Professor Vladas Griskevicius and doctoral student Yajin Wang at the University of Minnesota discovered how women's luxury products often function as a signaling system directed at other women who pose a threat to their romantic relationships.
"It might seem irrational that each year U.S. shoppers spend more than $250 billion on women's luxury products with an average woman acquiring three new handbags a year, but conspicuous consumption is actually smart for women who want to protect their relationship," Griskevicius said in a statement. "When a woman is flaunting designer products, it says to other women 'back off my man.'"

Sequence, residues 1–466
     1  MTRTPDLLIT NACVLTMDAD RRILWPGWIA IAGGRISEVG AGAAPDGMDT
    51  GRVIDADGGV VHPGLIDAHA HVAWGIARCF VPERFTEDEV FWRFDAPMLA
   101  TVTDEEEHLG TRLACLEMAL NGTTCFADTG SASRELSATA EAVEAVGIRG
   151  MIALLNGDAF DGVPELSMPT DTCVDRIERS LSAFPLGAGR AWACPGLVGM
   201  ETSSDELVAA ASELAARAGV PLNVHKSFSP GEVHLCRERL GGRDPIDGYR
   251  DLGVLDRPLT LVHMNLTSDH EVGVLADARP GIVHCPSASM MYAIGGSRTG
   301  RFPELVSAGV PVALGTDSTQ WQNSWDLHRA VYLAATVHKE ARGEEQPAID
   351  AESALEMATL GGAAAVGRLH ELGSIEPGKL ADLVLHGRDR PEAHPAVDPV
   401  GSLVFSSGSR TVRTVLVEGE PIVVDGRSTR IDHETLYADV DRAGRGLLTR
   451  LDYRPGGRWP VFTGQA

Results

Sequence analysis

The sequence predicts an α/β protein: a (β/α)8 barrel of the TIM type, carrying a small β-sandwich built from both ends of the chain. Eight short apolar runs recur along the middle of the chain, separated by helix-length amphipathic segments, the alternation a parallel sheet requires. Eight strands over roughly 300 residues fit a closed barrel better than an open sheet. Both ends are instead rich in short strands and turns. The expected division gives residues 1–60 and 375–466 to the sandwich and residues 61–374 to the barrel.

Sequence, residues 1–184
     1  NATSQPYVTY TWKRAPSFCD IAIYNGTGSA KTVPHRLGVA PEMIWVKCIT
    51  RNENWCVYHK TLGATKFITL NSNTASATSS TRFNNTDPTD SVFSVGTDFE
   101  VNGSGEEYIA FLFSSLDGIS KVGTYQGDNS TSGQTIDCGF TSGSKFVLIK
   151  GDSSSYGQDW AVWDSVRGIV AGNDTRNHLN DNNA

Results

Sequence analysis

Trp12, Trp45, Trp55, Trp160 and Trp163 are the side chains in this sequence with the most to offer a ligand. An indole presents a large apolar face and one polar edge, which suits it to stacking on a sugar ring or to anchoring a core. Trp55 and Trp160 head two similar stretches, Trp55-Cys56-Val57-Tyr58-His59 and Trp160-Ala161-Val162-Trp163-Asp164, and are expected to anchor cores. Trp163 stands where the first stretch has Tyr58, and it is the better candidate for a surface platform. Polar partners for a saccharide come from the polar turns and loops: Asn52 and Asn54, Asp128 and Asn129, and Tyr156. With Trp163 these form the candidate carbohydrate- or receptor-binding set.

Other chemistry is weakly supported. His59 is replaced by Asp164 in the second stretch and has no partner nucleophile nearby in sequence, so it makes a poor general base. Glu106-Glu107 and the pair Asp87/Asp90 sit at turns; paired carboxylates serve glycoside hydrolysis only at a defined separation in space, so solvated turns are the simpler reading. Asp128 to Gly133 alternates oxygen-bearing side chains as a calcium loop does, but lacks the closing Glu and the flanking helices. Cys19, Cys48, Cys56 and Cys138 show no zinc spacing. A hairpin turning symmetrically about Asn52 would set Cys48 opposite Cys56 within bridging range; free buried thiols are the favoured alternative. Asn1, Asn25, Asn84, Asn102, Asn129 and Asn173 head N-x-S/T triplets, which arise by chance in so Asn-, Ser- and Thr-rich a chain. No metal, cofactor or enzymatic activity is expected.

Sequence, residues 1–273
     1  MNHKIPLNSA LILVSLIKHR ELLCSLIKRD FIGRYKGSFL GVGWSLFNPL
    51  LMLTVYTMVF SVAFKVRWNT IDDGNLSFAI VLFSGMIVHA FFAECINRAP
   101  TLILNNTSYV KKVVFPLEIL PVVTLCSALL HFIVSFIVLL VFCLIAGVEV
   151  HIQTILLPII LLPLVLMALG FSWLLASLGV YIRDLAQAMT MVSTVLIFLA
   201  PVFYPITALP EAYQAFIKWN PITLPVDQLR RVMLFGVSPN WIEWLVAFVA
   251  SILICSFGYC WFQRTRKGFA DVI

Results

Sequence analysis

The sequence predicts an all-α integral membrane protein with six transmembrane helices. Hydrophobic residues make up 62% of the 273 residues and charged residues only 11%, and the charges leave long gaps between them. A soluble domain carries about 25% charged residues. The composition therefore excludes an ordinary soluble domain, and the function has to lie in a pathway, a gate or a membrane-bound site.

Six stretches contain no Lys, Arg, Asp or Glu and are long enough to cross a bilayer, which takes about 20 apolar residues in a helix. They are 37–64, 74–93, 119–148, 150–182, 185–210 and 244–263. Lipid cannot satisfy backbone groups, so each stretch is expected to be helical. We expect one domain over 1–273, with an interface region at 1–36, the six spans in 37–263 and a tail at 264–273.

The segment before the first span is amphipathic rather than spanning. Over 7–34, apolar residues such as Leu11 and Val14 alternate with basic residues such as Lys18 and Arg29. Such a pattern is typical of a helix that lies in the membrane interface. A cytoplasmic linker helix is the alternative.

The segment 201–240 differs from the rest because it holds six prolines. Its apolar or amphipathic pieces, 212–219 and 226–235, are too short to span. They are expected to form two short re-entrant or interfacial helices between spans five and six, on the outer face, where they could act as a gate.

The researchers conducted a series of five experiments featuring 649 women of varying ages and relationship status and found a woman who is wearing luxury items and designer brands is perceived to have a more devoted partner and as a result other women are less likely to flirt with her partner, Wang said.
"Regardless of who actually purchased the items, other women inferred that the man had something to do with it and is thus more devoted to her," Wang said.
"The feeling that a relationship is being threatened by another woman automatically triggers women to want to flash Gucci, Chanel and Fendi to other women."
The study, "Conspicuous Consumption, Relationships, and Rivals: Women's Luxury Products as Signals to Other Women," is in press at the Journal of Consumer Research.
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